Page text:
US 3945156 A
A building structure comprising a lattice-like network of support elements connected together at junctures to form a three-dimensional frame supporting a fabric-like canopy or skin laid thereover as an enclosure and wherein a resilient ball-like buffer is supported by the frame at each juncture point to engage the canopy and thus to prevent its direct engagement with the frame at the juncture points to reduce its wear and stress.
1. A building construction including a lattice-like network of support elements connected together at junctures to form a three-dimensional frame for the support of a fabric-like canopy laid thereover as an enclosure which is secured along its bottom edge, a plurality of hollow and resilient ball-like buffers, each of which is supported by the frame at a point of juncture of some of said support elements to engage the canopy and thereby to prevent the said canopy from direct engagement with the frame, particularly at the said juncture point, and at least one of the support elements at each juncture of such elements comprising a conduit connected to the buffer at the juncture point and also connected with a source of gas under pressure whereby all of said buffers are gas filled at the pressure of said source.
2. The improvement in building construction as set forth in claim 1 wherein certain of said conduit-support elements are connected together in series with each other to define a structural branch in parallel relationship with another similarly formed branch of series connected conduit support elements, and wherein a valve is mounted between said source and said branch and operable to close and prevent flow into said branch in the event of rupture and severe loss of pressure therein.
As shown in FIG. 1, a building construction provided in keeping with the present invention comprises a lattice-like frame structure 2 made up of a plurality of elongated frame elements 6 which are arranged with respect to each other as shown in the drawing to be connected together at a plurality of juncture points 1. At each such juncture point a buffer 4 (which will be described in more detail) is connected to the frame structure to support a fabric-like sheet 5, which may be a gas impervious plastic material, which is draped over the frame 2.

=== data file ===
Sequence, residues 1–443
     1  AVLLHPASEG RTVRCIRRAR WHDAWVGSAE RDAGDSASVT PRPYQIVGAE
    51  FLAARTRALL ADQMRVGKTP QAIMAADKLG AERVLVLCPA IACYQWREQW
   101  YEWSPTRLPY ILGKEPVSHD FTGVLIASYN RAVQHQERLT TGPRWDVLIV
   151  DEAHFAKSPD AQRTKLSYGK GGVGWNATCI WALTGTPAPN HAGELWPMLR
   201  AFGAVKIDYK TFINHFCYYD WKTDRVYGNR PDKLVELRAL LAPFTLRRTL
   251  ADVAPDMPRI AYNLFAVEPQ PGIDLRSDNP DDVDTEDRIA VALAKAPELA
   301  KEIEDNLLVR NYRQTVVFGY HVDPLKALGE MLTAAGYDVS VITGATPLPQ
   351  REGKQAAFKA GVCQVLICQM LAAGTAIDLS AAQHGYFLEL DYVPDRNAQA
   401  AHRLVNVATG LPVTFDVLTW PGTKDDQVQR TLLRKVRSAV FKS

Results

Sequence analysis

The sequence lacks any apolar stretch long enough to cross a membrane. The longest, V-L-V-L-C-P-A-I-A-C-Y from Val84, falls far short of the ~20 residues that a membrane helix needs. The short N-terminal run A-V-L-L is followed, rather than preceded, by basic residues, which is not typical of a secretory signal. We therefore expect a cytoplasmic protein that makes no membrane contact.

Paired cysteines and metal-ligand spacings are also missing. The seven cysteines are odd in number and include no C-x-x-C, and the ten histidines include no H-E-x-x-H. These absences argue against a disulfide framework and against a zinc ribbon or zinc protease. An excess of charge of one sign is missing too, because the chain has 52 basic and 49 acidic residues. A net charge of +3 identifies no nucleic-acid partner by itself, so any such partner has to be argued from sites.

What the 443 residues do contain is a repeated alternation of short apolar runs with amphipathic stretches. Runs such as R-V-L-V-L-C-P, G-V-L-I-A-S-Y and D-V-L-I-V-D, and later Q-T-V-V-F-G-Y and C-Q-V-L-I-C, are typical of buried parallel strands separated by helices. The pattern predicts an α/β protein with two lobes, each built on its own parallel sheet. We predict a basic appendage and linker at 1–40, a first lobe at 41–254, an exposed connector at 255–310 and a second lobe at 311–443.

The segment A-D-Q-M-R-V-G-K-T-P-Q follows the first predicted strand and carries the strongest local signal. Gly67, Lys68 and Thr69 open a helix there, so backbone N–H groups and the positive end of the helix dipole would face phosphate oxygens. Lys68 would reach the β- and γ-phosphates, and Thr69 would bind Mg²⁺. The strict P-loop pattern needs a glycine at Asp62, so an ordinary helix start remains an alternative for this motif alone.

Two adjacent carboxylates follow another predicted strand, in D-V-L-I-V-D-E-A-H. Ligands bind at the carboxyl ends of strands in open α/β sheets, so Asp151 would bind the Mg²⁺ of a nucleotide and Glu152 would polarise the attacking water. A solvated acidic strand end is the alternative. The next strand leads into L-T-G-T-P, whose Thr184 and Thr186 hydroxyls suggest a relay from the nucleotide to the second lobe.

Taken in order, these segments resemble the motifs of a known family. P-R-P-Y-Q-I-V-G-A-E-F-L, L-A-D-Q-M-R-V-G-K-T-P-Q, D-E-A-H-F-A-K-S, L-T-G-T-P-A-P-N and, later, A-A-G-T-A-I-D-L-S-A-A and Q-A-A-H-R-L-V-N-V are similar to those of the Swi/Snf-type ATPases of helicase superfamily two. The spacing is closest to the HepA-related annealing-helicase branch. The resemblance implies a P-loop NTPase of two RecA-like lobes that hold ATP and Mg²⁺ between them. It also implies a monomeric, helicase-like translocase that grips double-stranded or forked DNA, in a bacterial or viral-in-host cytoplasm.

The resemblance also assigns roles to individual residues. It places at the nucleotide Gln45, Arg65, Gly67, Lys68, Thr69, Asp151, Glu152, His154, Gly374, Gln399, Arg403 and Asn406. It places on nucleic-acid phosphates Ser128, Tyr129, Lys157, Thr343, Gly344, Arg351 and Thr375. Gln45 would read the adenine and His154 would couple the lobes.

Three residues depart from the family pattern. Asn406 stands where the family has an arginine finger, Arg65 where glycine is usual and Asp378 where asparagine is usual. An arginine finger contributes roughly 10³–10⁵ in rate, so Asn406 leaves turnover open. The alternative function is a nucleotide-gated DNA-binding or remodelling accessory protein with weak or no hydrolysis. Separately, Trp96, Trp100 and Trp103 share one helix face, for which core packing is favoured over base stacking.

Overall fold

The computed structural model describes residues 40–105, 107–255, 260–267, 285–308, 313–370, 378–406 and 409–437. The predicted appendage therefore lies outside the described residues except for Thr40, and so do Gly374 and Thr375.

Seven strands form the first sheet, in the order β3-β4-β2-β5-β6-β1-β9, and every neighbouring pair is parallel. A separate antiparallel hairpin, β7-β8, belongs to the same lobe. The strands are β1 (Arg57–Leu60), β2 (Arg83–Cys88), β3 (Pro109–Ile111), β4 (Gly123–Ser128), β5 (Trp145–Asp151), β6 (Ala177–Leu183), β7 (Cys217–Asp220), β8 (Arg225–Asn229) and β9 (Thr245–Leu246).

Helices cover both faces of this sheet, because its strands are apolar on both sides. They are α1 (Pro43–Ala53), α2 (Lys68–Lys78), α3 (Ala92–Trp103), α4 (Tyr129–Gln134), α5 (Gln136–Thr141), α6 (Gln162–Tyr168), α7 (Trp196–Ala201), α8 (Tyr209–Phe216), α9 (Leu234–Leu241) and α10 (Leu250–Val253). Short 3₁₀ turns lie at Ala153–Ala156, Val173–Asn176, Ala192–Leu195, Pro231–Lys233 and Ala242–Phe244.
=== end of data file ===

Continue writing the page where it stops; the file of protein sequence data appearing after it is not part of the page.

It will be observed in FIG. 1 that the frame elements 6 are connected together at juncture points 1 to form the latticelike frame network 2 in three-dimensional configuration extending from a base B. The fabric-like sheet material 5 is thus draped over the frame 2 as a canopy to form an enclosure and is secured along its bottom edge to the base B in any well known and acceptable manner. In many such building constructions, a source of air is provided at slightly more than atmospheric pressure to keep the sheet or canopy 5 slightly expanded and out of general contact with the frame structure 2. However, there will be inevitably some engagement between the canopy or skin and the frame, and heretofore this has been the source of a problem causing great wear and stress to the canopy 5, whether it be inflated or not, at the juncture points 1.
In keeping with the present invention such wear and stress on the canopy or skin is greatly reduced by the provision of a buffer 4 at each juncture point, the preferred form of such buffer being a gas inflated balloon or ball-like element. As better shown at FIG. 2, the gas-filled ball-like buffer 4 is mounted at any juncture point 1 at a plate 3 which is preferably metal but which can be made of any easily deformable material so that it can be bent to embrace and grip a substantial portion of the buffer 4 and thus to hold it. The plate 3 is in turn held as by welding or the like to juncture point plates 7 which form an envelope sealed at its edges and provided with openings along its edges adapted to receive the ends of frame elements 6, 6 as by threading or the like in a gas-tight manner.
As shown in FIG. 1, there are at least two and there may be as many as six or conceivably more frame elements 6 connected together at a junction point 1. In keeping with the invention, each frame element 6 comprises a hollow tube or pipe connected with a source of gas, such as nitrogen or air, under pressure as will be described in more detail hereinafter. The pipes 6, 6 thus supply the gas under pressure to the various buffers 4. As shown in FIG. 2, at each juncture point 1, one of the frame element pipes 6 is provided with a hose or tube connecting outlet 8 receiving a tube extension 9 from the associated buffer 4, thus to inflate the buffer with the air or nitrogen under the pressure in the frame system.